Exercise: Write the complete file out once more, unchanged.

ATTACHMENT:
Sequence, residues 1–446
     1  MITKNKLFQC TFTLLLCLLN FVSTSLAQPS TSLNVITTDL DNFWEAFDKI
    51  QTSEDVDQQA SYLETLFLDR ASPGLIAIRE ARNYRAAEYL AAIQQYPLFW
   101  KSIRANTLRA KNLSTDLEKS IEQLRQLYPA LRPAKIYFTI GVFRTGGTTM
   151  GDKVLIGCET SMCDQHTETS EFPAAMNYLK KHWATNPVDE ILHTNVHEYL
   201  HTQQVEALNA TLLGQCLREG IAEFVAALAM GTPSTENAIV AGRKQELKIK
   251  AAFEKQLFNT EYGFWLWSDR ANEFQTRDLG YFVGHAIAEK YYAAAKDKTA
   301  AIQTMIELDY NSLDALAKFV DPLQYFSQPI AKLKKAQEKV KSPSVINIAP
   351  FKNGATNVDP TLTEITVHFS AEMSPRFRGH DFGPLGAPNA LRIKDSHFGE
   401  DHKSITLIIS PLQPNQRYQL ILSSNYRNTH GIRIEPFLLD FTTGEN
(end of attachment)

Sequence, residues 1–446
     1  MITKNKLFQC TFTLLLCLLN FVSTSLAQPS TSLNVITTDL DNFWEAFDKI
    51  QTSEDVDQQA SYLETLFLDR ASPGLIAIRE ARNYRAAEYL AAIQQYPLFW
   101  KSIRANTLRA KNLSTDLEKS IEQLRQLYPA LRPAKIYFTI GVFRTGGTTM
   151  GDKVLIGCET SMCDQHTETS EFPAAMNYLK KHWATNPVDE ILHTNVHEYL
   201  HTQQVEALNA TLLGQCLREG IAEFVAALAM GTPSTENAIV AGRKQELKIK
   251  AAFEKQLFNT EYGFWLWSDR ANEFQTRDLG YFVGHAIAEK YYAAAKDKTA
   301  AIQTMIELDY NSLDALAKFV DPLQYFSQPI AKLKKAQEKV KSPSVINIAP
   351  FKNGATNVDP TLTEITVHFS AEMSPRFRGH DFGPLGAPNA LRIKDSHFGE
   401  DHKSITLIIS PLQPNQRYQL ILSSNYRNTH GIRIEPFLLD FTTGEN